The atmosphere at Town Meeting was tense. After much discussion, the budget was passed with the cut intact. The following session, a motion for reconsideration of the budget was lost, 412-190. School Committee Chairman Lawrence “Bert” Tighe immediately announced that the School Committee had voted unanimously to take the Town to court.
The announcement created an uproar. It was clear that the majority of the voters wanted fiscal control and the final word. “The educational process is not a blank check,” said Fincom Chairman George MacKenzie. “The School Committee will endanger the whole school system we have already spent so much to protect.“
But the supporters of the school system and education in Sudbury were adamant. Nineteen taxpayers signed on as plaintiffs and the Massachusetts Teachers Association hired attorney William O’Keefe to prosecute the suit.
O’Keefe met with 75 taxpayers and declared the suit an open-and-shut case. He explained that the School Committee budget is untouchable by any local forces such as the Finance Committee. He elaborated that courts interfere with School Committee decisions only when the committee assumes power it has never been granted, or in cases of dishonesty. “The courts have ruled that the place to correct mistakes is the ballot box, not the courts,“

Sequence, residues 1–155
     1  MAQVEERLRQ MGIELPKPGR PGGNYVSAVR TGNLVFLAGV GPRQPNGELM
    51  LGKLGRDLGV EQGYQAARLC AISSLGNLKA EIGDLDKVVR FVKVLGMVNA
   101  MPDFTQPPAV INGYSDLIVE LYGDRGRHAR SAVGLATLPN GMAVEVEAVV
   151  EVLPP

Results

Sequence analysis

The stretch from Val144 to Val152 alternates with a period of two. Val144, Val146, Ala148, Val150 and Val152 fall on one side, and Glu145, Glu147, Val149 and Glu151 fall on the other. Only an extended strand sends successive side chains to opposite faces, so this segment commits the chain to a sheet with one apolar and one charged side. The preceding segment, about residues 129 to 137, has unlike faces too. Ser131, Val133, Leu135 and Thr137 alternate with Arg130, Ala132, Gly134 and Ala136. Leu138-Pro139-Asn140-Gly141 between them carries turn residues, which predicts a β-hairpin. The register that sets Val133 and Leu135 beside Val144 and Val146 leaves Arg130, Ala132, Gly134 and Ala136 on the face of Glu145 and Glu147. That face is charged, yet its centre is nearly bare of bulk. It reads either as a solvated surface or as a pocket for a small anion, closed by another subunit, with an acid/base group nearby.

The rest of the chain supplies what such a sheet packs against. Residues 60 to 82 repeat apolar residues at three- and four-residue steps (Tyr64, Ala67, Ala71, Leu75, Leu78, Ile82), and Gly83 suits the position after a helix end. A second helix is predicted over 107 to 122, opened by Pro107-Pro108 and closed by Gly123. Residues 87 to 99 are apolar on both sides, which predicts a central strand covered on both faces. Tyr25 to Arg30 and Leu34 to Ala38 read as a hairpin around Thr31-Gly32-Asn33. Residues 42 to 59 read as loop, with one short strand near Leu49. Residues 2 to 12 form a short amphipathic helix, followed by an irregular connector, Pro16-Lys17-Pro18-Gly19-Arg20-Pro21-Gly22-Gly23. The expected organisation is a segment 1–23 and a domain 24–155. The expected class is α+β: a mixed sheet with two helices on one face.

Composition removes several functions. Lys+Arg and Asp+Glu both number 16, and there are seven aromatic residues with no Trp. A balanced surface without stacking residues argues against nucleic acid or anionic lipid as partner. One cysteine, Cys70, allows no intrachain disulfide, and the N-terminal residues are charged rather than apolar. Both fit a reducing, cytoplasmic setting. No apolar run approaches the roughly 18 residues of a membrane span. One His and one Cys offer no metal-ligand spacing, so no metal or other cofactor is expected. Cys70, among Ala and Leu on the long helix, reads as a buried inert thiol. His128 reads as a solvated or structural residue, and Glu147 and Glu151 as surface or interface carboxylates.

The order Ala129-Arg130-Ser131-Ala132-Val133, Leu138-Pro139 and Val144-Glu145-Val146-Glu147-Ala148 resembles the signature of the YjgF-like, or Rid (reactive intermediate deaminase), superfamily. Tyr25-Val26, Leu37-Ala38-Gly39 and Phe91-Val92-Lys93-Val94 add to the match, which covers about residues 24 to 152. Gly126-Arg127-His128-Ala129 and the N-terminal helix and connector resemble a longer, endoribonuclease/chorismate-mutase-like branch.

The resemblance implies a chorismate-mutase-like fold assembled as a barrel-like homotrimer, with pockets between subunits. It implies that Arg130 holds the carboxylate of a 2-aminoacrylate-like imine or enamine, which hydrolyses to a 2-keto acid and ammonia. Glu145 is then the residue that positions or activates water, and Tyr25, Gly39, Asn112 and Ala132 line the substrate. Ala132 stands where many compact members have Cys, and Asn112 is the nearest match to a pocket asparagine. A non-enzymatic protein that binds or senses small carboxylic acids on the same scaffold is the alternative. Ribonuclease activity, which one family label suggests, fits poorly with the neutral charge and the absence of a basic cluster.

he said. Shortly thereafter, the School Committee announced it would hire teachers as if the $16,700 shortfall had been voted.
Attorney Henry W. Hardy signed on to defend the Town, but held out little hope. Unless the Town could come up with something “different and substantial,” he said, he would just be going through the motions.
As Spring turned into summer, the issue divided the town. Selectman Chairman Ed Kreitsek announced he would absent himself completely from all aspects of the Town’s defense. “I have stated publicly that I think that Town Meeting acted improperly and I am intellectually and in conscience convinced that for the preservation of orderly government the taxpayers’ petition should be favorably acted upon by the court,” he said.
On the other side of the fence, Moderator John Powers thundered: “It is the principal responsibility of elected officials to heed the will of the majority.” His remarks drew fire from opponents and neutrals alike.